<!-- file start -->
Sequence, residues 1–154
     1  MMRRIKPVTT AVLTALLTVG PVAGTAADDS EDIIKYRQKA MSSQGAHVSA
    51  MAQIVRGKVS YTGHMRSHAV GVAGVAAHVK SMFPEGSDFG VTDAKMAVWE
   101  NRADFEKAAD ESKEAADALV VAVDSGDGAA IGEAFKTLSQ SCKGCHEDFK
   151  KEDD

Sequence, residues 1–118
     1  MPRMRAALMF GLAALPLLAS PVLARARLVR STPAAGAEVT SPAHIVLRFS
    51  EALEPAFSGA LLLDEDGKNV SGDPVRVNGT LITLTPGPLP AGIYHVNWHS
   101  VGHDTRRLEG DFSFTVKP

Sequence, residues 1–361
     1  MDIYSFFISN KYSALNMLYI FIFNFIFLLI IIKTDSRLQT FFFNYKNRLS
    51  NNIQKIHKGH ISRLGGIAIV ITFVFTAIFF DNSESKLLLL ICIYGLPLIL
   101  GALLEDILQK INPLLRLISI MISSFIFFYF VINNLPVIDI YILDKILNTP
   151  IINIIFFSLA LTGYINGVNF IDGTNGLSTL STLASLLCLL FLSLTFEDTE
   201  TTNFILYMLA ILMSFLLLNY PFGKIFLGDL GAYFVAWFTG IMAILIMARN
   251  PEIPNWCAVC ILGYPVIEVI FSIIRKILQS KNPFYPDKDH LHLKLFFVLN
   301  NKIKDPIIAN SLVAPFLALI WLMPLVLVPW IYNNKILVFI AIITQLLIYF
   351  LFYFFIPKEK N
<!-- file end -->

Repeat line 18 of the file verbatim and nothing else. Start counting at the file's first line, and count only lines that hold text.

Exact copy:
   351  LFYFFIPKEK N